An Age of Change

    

Introduction

In the years between 1750 and 1914, Britain changed.  These were the years of revolution turning round'), when people's lives were altered in many ways.

Britain, a small island kingdom in 1750, had become by 1914 the greatest trading nation on earth, with a worldwide empire (see Chapter 2).

During this period, there was a huge growth in population.  It rose from about 7 million to 41 million.  With this went a change in where people lived.  Most people no longer lived in the villages and small market towns of the south of England; they lived in the great industrial towns of the north (see Chapter 3).

In 1750, Britain's economy was mainly agricultural; by 1914 the Industrial Revolution had made Britain the first industrial nation, and 'the workshop of the world' (see Chapter 4).  The Industrial Revolution had many aspects.  People stopped working at home on their simple hand-operated machines; by 1914 most manufactured goods were made in factories, and workers' lives were dominated by the factory chimneys and the factory clock.

Along with this went a revolution in power.  In 1750, the main forms of power were clockwork and muscle power; by 1914 these had been replaced by steam power, electricity and the petrol engine.  At the same time there was a revolution in transport.  Horse-drawn wagons lumbering along muddy roads gave way to steam trains rushing along railway lines at 60 miles an hour.

Finally, these were the years which saw great reforms in industry and society (see Chapter 5).  They were the years when slavery was abolished, when ordinary men got the vote and the right to join a trade union, and when the government passed laws to improve conditions in the-factories and the cities.  By the end of the nineteenth century, women also were campaigning for the vote and for equal rights with men.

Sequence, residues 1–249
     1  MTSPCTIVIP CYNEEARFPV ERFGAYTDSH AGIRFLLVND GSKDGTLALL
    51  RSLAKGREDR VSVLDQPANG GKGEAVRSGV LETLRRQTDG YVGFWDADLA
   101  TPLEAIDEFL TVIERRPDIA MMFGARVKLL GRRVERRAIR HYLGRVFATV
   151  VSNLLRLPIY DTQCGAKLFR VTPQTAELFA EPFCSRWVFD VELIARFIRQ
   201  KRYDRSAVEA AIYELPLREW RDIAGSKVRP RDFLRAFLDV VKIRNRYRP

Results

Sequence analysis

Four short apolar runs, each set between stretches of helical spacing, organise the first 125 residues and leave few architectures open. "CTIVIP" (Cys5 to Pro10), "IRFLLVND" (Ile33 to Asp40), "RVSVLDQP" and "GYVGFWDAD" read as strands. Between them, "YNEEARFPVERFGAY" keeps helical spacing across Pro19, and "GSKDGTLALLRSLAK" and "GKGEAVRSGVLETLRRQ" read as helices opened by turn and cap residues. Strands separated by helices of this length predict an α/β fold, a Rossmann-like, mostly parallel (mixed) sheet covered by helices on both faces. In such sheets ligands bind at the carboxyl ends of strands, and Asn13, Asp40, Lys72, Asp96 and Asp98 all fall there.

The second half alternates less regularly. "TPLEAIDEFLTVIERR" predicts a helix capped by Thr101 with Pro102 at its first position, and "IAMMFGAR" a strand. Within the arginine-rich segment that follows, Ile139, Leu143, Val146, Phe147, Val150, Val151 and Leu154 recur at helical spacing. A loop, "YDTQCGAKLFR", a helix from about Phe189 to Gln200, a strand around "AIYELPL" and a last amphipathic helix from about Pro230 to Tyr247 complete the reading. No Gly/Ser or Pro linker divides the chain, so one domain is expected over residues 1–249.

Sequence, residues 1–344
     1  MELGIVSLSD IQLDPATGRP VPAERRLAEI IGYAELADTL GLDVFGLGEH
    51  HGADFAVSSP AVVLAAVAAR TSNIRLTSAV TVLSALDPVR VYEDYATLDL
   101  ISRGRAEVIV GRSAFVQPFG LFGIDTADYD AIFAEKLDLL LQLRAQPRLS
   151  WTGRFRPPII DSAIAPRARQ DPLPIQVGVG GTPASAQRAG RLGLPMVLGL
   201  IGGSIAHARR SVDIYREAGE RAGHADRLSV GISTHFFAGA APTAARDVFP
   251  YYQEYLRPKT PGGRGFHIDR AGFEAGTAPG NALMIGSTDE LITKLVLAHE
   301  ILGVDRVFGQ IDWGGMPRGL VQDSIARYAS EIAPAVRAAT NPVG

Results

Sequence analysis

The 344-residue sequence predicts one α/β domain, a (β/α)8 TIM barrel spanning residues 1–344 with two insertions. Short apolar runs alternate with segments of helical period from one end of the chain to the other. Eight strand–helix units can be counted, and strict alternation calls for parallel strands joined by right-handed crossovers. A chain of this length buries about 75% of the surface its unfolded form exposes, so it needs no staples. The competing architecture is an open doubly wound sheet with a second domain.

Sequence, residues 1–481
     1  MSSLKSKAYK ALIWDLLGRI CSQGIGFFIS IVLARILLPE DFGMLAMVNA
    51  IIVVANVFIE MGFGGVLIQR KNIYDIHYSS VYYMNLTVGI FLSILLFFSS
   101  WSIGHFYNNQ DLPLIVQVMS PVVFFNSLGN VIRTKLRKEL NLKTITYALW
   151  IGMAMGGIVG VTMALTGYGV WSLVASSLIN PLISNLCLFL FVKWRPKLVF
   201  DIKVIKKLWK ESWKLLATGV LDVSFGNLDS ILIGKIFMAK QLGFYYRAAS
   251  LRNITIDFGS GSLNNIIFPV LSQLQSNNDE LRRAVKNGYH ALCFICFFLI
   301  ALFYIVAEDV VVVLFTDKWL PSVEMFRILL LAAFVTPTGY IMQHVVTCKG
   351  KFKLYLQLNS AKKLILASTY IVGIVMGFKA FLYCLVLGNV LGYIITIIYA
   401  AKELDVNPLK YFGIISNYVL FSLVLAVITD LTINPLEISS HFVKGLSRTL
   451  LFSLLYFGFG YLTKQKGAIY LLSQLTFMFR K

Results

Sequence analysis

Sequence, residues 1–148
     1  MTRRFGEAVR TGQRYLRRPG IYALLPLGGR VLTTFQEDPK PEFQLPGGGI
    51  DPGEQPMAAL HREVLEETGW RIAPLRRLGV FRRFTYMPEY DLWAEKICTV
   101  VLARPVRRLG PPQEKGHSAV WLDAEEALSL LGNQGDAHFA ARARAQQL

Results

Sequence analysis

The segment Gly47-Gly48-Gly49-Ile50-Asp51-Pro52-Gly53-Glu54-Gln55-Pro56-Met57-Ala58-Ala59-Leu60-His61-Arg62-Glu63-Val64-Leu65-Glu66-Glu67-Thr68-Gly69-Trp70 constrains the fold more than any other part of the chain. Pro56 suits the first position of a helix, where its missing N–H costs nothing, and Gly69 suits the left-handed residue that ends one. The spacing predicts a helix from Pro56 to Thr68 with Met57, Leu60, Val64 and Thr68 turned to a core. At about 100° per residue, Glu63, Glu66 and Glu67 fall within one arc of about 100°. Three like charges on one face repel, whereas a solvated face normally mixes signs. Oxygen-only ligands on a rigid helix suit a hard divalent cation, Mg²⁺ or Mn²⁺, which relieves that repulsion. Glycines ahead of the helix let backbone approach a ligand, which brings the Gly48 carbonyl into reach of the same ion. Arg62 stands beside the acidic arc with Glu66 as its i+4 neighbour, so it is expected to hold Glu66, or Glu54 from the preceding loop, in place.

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An Age of Change:

BBC website on the changes of the 19th century    

A simple video   

 

 

 

   
   

1  Changes in Everyday Life

This comment on the changes in Britain in the first half of the 19th century was written by the Reverend Sydney Smith (1771-1845).

A young man, alive at this period, hardly knows what improvements of human life ... have taken place in England since I was born a period amounting now to nearly seventy-three years. 

Gas was unknown: I groped about the streets of London in all but utter darkness...  I had no umbrella!  There were no waterproof hats.  I could not keep my underwear in its proper place, for braces were unknown... 

There were no banks to take the savings of the poor; and, whatever miseries I suffered, I had no post to whisk my complaints for a single penny to the remotest corners of the empire.